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Corsair Vengeance review: From mid-range to flagship with RGB

Corsair produces an incredible amount of accessories at the moment, from water cooling to full-fledged streaming sets. But today, we’re going to take a little look back in history. Into the history of Corsair Vengeance RAM, because it is surprisingly interesting. Including the fact that even very old models are still being sold!

Reasons for expansion

To begin with, let me explain why Corsair, and any hardware company, wants to have their own sub-brands. More precisely, why COMPANIES want to, is obvious and understandable – because it’s money. But customers will benefit from a polished ecosystem.

Right now, for example, Corsair has synchronisation and the highest quality backlighting only, because both inside and outside the PC, the company has many components that can work in tandem with the backlight. But if, for example, motherboards appear, they will be used to test both RAM and drives first. Therefore, the compatibility will be close to perfect.

The main problem is, in fact, the complexity of optimisation. The more complex a component is, the more resources are required to adjust it to all the others. And the motherboard itself is probably the most difficult of all possible tasks. Moreover, Corsair has been very successful in enticing people to buy with its backlighting.

The first step

As for the history… If you follow the explosive development of the company’s product range (from water cooling to streaming sets, I remind you), it’s hard to believe that Corsair has been in the RAM business almost as long as anyone else. To give you an idea, the oldest model I found was the Corsair XMS XPERT 3200XL.

This is, for a moment, DDR1 from 2005, on Samsung TCCD chips. Cheaper models of the company used Winbond CH-5 chips. And Winbond, by the way, is still one of the largest microchip manufacturers in Taiwan, and it owns Nuvoton. Its products, in turn, can be found on almost any modern motherboard.

As for the XMS XPERT 3200XL, it was a 400 MHz flagship with CL2-2-2-5 timings for 2.75 volts. And this set came with a separate ten-character Xpert display, where you could monitor frequency, temperature, and voltage. Let me remind you that it was 2005.

DDR4, RGB and everything in between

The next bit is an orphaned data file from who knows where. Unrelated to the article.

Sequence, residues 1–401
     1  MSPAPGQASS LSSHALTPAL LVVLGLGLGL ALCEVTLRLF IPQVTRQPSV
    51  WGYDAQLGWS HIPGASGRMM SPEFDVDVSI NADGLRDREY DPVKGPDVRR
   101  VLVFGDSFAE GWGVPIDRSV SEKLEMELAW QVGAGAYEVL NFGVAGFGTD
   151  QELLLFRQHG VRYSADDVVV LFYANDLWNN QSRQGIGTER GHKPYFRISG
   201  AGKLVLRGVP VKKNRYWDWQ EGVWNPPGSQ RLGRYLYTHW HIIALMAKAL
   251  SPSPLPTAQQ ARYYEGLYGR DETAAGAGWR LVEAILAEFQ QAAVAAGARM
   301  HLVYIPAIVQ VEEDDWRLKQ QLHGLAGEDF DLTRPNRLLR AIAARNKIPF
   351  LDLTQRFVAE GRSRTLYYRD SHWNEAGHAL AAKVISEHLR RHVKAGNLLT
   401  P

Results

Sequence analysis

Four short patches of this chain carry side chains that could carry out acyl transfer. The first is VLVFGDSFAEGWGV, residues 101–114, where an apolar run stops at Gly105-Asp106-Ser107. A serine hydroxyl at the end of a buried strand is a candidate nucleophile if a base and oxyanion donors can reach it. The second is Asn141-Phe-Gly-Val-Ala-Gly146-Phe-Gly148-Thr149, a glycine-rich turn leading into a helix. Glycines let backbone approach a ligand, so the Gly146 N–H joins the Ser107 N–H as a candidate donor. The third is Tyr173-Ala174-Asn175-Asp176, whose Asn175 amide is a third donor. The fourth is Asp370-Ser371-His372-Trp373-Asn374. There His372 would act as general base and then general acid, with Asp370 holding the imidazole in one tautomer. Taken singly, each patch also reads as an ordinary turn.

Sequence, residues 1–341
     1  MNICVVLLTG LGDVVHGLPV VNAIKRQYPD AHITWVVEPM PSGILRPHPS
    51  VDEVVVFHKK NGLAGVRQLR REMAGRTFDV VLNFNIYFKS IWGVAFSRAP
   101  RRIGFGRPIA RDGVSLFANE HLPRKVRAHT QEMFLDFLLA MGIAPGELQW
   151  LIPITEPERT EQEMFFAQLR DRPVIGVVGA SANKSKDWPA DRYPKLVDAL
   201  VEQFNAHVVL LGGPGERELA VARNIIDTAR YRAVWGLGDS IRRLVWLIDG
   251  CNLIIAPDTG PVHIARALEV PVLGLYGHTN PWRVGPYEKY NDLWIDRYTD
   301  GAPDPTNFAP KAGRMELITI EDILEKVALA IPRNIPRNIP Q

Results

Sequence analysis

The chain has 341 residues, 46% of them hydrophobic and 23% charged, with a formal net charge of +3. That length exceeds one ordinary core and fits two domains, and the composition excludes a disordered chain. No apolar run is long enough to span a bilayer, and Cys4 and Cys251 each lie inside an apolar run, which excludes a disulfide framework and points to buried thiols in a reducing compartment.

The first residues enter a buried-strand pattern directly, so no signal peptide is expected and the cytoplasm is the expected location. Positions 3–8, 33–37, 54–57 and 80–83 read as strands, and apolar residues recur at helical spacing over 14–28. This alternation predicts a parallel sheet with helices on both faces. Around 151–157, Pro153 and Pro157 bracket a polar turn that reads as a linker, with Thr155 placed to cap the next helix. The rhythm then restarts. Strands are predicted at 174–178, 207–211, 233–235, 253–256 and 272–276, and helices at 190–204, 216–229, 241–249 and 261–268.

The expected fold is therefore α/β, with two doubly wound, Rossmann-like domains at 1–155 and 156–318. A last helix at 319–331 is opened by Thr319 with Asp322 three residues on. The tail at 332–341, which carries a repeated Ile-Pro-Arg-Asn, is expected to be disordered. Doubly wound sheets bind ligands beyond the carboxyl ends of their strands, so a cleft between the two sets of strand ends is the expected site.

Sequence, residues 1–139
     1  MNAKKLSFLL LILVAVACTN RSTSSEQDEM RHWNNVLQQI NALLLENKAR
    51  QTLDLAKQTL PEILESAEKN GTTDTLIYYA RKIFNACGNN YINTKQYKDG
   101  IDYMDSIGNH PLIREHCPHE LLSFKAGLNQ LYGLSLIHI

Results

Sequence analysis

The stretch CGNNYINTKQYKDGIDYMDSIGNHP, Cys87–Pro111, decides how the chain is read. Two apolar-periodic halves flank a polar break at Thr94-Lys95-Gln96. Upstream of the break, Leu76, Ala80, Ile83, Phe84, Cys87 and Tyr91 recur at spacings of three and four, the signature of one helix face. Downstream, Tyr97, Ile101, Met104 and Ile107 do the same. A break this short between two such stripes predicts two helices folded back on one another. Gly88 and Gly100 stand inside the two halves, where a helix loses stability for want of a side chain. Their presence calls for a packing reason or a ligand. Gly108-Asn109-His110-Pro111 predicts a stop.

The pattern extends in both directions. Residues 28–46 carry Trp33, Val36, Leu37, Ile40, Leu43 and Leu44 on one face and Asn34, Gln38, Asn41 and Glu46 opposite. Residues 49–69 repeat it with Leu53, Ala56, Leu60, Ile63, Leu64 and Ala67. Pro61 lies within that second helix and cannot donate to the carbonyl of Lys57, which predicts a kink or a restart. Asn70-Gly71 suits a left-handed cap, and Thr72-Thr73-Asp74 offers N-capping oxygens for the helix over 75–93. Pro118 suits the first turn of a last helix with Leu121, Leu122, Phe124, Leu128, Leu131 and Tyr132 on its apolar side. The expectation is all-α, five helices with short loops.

The next step will be… Corsair Vengeance, RGB Pro Black model.

Actually, no. Next up is the Corsair Vengeance RGB DDR4, nomenclature CMR16GX4M2A2666C16. This was the first model of RGB RAM from the manufacturer, although it was released relatively recently – only in 2017. But you should remember that the RGB euphoria in general began “relatively” recently.

As for the Vengeance RGB DDR4, these Micron B-Die models cost from $190 for a single set and are still available for sale somewhere. Although they are mostly seen on the secondary market.

What does the Corsair Vengeance RGB Pro Black have to do with it? The fact that it is the closest thing to the RGB pioneer. The model specifically with the CMW16GX4M2C3200C16 nomenclature is produced at 3200 MHz with 16-18-18-36-54 timings and XMP 2.0 support. Also, at least the review samples were on Samsung B-die, but as I understand it, the chips can also be from Micron.

The latter was important because Vengeance Pro RGB was released in 2019. Just at the time when AMD Ryzen was on a low margin from Intel Core. And the difference in this gap was greater the better the memory chips were, because Ryzen could reach higher frequencies on them even on relatively cheap boards. That’s why people were hunting for Samsung B-die day and night.

Also, I’d like to make a quick lyrical digression to mention Corsair Vengeance RGB RS, specifically the CMG32GX4M2D3600C18 model. This is the last of the company’s DDR4 models available for purchase. It has 18-22-22-42 timings, 3,600 MHz frequency, a new design of heatsinks and diffuser, and excellent performance. This design, by the way, can be considered the closest thing to a transition between DDR4 and DDR5.

Actually, DDR5

I’ll let you in on a little Polysynth secret. Corsair’s Vengeance series is… not a flagship! This role has recently been fulfilled by the Dominator Platinum line, which has a more industrial design and slightly better timings. And by the way, Dominator appeared before Vengeance – in the days of DDR2, not DDR3.

An example is the Dominator Platinum RGB Black, model number CMT32GX5M2X6200C36, and the Corsair Vengeance RGB Black, model number CMH32GX5M2D6000C36. Both models go up to 7000 MT at 34-42-42-96 timings. However, Dominator Platinum has better selected chips, so it takes frequencies much easier.

If it’s not important to you, then the Vengeance will suit you better and be cheaper. By the way, the design also plays a role – not everyone likes the harsh industrialisation of the Dominator.


That’s a little bit of history. Today, Corsair makes gaming PCs, mice, and RGB panels. But it’s worth remembering how the company got to this level. And how cool it is that you can still buy a Corsair Vengeance or a Corsair Dominator and touch the history a little bit.

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Denis Zaychenko

I write a lot, and sometimes - even on point. Interested in PC building and games. Almost aestetism junkie, I love to like and hate to dislike.

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